Project Toyota Supra MKIV: Part 6 – 800whp Build Update


From Gates, we’re using its T215RB timing belt (bottom) and K060763RB belt (top) for the accessories.

In the 90s, Toyota and Gates specified an aramid (kevlar) tensile cord for the Supra’s belt because, even in stock trim, the 2JZ-GTE needed the added insurance against any stretching and degredation of its timing belt. Getting fiberglass of appropriate strength to handle the shock loading wasn’t easy then, and still isn’t today.

According to Herbert, the kevlar worked nicely at the time, but its one drawback was it showed great tensile (resistance to separation) strength right up to the moment it would fail, where it would fail completely. “Fiberglass, like the upgraded fiberglass tensile cord in our racing construction, actually has better tensile strength than Kevlar and will hold even longer. And if it fails it will degrade slowly over time rather than completely abandoning you,” says Herbert.


The OE Supra timing belt (left) vs a Gates RPM timing belt for the 2JZ (right).

The OE belt for the 2JZ-GTE would have come standard with HSN (highly saturated nitrile) rubber, which is better than the neoprene belts from the 80s, but Gates takes it a step further with their racing belts. “Our Gates RPM constructions makes use of a premium quality HNBR rubber, which undergoes a peroxide curing process for longer life, better heat resistance and exceptional chemical resistance,” says Herbert. “Heat resistance is crucial because it means the rubber compound won’t see a degradation in elasticity. This means the belt will continue to wrap the pulleys with a perfect fit—with no cracking or breaking—for countless heat cycles.”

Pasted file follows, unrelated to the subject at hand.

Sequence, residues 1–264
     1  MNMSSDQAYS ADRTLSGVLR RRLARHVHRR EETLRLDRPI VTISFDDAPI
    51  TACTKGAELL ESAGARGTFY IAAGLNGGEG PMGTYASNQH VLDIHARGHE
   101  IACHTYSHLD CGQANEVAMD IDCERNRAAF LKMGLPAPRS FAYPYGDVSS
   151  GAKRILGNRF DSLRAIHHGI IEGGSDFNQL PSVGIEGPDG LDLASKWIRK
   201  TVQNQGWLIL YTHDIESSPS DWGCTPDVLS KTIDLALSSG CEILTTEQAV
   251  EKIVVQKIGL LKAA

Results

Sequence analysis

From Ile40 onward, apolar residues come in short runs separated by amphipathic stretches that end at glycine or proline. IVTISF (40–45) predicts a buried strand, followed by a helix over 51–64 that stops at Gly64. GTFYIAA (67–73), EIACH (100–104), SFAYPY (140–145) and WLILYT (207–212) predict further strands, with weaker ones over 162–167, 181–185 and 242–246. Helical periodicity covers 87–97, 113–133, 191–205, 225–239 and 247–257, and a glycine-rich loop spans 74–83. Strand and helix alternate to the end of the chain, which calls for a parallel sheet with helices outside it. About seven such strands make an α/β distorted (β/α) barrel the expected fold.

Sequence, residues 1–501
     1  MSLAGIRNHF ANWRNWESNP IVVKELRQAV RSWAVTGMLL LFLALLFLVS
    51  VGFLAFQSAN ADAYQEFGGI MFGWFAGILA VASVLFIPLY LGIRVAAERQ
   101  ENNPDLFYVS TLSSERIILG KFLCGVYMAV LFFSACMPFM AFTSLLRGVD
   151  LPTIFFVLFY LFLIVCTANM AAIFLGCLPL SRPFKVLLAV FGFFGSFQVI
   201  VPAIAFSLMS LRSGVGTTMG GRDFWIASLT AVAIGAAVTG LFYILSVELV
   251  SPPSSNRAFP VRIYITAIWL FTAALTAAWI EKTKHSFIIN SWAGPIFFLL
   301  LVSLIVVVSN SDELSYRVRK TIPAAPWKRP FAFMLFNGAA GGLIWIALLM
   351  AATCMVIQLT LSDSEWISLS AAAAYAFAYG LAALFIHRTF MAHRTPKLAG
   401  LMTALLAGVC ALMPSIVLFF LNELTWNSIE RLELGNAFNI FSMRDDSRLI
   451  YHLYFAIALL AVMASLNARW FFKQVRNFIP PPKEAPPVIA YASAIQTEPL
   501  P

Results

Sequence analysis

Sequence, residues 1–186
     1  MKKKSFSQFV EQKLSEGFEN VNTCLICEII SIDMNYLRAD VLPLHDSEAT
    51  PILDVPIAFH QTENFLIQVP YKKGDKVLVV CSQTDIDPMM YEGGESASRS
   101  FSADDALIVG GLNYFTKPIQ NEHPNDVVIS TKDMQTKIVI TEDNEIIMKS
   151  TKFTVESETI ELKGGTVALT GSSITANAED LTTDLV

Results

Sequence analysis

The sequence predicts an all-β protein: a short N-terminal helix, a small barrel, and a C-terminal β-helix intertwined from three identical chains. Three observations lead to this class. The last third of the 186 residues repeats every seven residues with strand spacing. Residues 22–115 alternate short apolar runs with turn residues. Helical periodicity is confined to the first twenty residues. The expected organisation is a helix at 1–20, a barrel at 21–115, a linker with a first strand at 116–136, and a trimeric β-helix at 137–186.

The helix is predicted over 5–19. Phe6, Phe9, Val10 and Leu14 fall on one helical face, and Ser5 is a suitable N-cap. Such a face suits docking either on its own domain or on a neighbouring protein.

The chemical resistance is important in case of an oil or coolant leak, which can also cause a timing belt failure over time. To top it off, Gates reinforces the rubber with kevlar fiber for greater tear resistance and general strengthening, rather than for its tensile strength, providing more resistance against tooth shear. “With all of the horsepower this Supra will be seeing, tooth shear could be a serious concern. But with our belt, the same qualities that keep the Kevlar from tearing a bullet proof vest are also exploited to keep the timing belt’s teeth firmly in place, “ says Herbert.

“The Kevlar-reinforced Gates RPM tooth jacket is thicker, stronger and simply more bad-ass than anything you’d find on a stock belt. What it comes down to is three times the heat resistance and 300% more strength than most standard timing belts. This Gates belt should easily be good for over 60k miles—the standard interval for a stock Supra with a factory belt—even for this car with over 800whp turning it,” says Herbert.


As featured in Part 4, here’s our Precision 6766 dual ball-bearing turbo ready to do some sucking as it dog-piles our lovely PHR manifold.

Looking at the PT6766 from the back gives us a better picture of where our Precision 46mm wastegates will be located.

The engine is in the car, at last! Here’s one last look at the PHR manifold before the turbo covers most of it. The heat-insulating wrap and spray comes from Thermotec, which is also covering Swain Tech’s “White Lightning” coating. For more detailed info check out Part 5.


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